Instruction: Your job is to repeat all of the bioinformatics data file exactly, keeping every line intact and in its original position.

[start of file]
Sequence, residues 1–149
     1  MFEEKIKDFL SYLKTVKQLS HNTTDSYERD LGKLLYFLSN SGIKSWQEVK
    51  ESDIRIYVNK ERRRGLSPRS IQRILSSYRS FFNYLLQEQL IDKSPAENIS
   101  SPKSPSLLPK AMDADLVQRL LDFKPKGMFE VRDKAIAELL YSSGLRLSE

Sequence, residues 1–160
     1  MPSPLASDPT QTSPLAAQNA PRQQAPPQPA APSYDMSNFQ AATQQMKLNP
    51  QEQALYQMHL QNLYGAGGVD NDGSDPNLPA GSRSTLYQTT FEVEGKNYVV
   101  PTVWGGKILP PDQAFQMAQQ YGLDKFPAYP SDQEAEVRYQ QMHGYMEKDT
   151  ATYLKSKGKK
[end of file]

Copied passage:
Sequence, residues 1–149
     1  MFEEKIKDFL SYLKTVKQLS HNTTDSYERD LGKLLYFLSN SGIKSWQEVK
    51  ESDIRIYVNK ERRRGLSPRS IQRILSSYRS FFNYLLQEQL IDKSPAENIS
   101  SPKSPSLLPK AMDADLVQRL LDFKPKGMFE VRDKAIAELL YSSGLRLSE

Sequence, residues 1–160
     1  MPSPLASDPT QTSPLAAQNA PRQQAPPQPA APSYDMSNFQ AATQQMKLNP
    51  QEQALYQMHL QNLYGAGGVD NDGSDPNLPA GSRSTLYQTT FEVEGKNYVV
   101  PTVWGGKILP PDQAFQMAQQ YGLDKFPAYP SDQEAEVRYQ QMHGYMEKDT
   151  ATYLKSKGKK